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4.4 The nature of academic writing

Critical thinking and reading allow you to enter the academic learning community and become aware of current debates in your field. When you reach the writing stage, it's your opportunity to contribute to issues relevant to your course of study.

But before you turn to the keyboard, it's important that you understand how writing at university differs from speaking and other forms of writing. You'll also need to become familiar with some of the writing conventions or ‘rules’ that academic writers follow in their disciplines.

How is writing different from speaking?

Hi there, this video deals with the big questions about writing:

  • How is writing different from speaking? 
  • How is academic writing, in particular, different from other kinds of writing? And why?

So, firstly, what is the difference between speaking and writing?

Well, study and research at university are all about communicating knowledge: your ideas, your opinions, hypotheses and discoveries. And of course you can do this, through either speaking OR writing. But writing has a special importance in our work at university. Its purpose is to provide a long-term record of ideas which we can come back to over time. Speaking, on the other hand, has a more temporary life.

The semi-permanent nature of writing is significant because it requires different mental processes; that is, the ways we deal with and process information when speaking and listening or reading and writing are different. In short, we don’t write the way we speak.

These differences are all about time and place. Speaking -- and listening -- are very immediate mental processes where split-second timing is important, and we have to deal with the information coming our way and respond to it right away. Here’s a conversation you might hear around the university:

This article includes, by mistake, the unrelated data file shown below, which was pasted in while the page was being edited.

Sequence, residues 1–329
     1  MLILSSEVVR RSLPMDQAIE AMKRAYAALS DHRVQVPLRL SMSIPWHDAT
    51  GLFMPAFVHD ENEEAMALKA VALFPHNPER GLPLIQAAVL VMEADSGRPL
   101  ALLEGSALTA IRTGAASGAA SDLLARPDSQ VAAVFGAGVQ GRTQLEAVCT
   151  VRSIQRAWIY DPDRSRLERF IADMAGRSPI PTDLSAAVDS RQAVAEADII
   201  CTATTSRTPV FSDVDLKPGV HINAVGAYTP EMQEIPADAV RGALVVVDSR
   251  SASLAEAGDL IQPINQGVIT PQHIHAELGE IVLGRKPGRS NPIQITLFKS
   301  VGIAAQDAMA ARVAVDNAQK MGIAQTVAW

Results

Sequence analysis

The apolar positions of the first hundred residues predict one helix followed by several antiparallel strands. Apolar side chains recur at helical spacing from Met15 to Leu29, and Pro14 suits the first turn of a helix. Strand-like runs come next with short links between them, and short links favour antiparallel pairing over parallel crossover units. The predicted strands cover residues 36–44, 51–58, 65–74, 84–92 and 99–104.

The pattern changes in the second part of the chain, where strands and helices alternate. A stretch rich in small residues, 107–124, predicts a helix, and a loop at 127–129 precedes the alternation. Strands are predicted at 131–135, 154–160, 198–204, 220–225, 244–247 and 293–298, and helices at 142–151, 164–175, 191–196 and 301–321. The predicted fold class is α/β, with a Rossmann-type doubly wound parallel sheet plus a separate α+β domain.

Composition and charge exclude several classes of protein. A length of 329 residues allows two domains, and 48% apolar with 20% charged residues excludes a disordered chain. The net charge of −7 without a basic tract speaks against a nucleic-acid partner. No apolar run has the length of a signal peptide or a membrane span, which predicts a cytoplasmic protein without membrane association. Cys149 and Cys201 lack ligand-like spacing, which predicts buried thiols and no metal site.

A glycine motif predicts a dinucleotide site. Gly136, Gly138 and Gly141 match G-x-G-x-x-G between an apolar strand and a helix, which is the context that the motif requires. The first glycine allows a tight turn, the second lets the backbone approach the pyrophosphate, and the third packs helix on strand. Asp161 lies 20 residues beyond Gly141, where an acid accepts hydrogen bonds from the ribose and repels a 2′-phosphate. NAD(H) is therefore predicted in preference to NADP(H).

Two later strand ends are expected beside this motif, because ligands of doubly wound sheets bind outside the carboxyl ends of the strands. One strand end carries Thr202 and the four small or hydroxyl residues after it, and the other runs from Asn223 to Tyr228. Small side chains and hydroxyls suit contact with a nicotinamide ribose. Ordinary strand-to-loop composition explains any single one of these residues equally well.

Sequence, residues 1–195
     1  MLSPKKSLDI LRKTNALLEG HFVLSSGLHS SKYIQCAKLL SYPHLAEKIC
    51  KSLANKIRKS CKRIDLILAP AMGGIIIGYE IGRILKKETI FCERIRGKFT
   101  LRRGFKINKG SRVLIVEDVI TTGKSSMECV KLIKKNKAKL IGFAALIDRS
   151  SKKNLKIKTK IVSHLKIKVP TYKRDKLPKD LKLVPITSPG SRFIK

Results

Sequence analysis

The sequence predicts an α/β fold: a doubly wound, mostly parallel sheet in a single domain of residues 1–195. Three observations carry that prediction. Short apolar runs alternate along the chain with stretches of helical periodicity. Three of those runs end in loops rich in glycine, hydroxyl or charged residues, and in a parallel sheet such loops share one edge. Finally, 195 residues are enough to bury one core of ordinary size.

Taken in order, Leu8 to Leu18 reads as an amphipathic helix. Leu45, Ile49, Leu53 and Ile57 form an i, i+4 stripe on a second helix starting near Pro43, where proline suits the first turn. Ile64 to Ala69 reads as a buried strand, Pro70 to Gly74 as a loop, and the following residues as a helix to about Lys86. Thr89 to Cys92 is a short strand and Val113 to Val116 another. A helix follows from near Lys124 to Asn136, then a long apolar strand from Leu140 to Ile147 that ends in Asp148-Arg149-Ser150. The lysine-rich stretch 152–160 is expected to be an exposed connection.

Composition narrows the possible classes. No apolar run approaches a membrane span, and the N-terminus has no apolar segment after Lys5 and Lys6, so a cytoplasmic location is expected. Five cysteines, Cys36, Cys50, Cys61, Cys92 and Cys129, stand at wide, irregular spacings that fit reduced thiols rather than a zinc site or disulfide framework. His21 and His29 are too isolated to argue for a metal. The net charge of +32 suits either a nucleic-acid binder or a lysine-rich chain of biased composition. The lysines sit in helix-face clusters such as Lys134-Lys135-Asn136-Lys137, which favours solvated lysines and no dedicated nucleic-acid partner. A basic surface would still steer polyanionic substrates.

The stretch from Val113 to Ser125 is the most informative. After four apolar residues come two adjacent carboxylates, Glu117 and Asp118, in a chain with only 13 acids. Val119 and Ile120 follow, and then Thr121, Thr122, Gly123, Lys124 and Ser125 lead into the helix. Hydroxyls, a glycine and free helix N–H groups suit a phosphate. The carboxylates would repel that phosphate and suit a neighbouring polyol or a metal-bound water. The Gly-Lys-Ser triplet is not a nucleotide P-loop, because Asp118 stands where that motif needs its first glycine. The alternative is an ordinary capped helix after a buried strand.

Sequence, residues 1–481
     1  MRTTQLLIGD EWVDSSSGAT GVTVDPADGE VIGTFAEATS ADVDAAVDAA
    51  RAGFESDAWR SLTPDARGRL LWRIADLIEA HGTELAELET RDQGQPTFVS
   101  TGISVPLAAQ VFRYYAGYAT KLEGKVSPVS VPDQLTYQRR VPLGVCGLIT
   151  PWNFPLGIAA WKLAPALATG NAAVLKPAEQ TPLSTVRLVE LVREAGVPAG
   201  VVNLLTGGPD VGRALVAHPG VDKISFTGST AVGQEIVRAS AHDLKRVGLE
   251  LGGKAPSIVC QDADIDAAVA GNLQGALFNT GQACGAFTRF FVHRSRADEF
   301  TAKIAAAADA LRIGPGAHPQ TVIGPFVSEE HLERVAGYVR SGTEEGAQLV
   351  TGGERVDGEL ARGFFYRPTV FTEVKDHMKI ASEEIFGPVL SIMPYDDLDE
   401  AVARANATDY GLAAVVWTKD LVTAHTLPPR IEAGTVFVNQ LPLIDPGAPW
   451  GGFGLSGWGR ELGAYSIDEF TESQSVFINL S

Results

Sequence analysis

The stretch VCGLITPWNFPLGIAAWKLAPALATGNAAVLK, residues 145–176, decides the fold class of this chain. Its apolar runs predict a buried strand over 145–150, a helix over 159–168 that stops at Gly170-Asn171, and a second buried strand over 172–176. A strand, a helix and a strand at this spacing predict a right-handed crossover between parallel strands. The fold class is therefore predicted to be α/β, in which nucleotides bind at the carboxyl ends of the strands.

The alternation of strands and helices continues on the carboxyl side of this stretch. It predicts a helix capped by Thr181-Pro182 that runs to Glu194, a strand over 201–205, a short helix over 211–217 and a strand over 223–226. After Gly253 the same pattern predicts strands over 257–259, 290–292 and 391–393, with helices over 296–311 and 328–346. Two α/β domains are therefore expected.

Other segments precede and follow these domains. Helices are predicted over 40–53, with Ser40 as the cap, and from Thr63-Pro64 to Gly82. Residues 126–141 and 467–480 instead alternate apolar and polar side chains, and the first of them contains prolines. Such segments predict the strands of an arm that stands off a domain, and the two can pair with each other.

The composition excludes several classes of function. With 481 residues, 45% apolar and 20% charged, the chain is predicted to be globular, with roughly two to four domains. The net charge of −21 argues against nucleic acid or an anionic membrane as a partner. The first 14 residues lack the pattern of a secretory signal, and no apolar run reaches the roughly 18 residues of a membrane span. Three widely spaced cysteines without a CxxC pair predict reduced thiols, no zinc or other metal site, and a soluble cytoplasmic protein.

Cashier: Hi there.

Customer: Hi. Um, do you have the, the salad rolls, um the ones you had here yesterday? Um ... the ones that look like those. Like those over there.

Cashier: You mean these rolls, these salad rolls?

Customer: Ah yeah, salad rolls. Um, do they have ham in them? Um, can I get one of those, please?

Cashier: Yep that’s right. There you go. Anything else?

Customer: Umm, I think that’ll be right... oh ah, and a flat wh… flat white too?

Cashier: Sure can. That’ll be 10.90, please. Paywave? Ah, that didn’t go through. Would you like to try again?  

Now take a look at the written transcript of that conversation. There are a number of features that underline the immediacy of conversation. For instance, speaker familiarity. They’re familiar with the setting; they know what to say and do. The interaction is informal; there are no names, just ‘hi’. There are a number of short sentences. Notice for instance, that one word 'Paywave?' is an entire question and there are many false starts and fillers: 'um', 'like', 'Anything else?' and so on. The exchange is full of repetitions and there is body language. The speakers convey meaning and emotion with a frown if they don’t understand, or by pointing at something, or by leaning forward to show interest.

As you can see, including these things make the written version of the conversation quite hard to process. When writing, though, time is on your side. You can reflect, reconsider, re-read and reshape your message as often as you want to. Of course, once your writing is out there, you can’t check that your message is being understood.  And you can’t rephrase or explain it in more detail because your reader is in another time and place.

So, as a writer, you will need other strategies to get your message across.

First, you plan what you want to say – which is your content. You'll organise the material to give it a framework and you'll choose words that are precise and appropriate – your vocabulary. Your sentence structures will often be dense and include several pieces of information and you may even use graphics to help make the meaning clearer.

In the same way, your readers will also exploit the advantage of time.

They'll use their background knowledge to predict the framework that will probably be used, for example: is it an essay in an Arts subject? Is it a newspaper article? Or is it a dating website? They'll interpret cues like your paragraphing, your headings and your signals. They may also use a range of reading skills first to get an overview of what you’re having to say and then a more detailed idea of the content. They can also exploit this time advantage by re-reading specific sections as often as needed.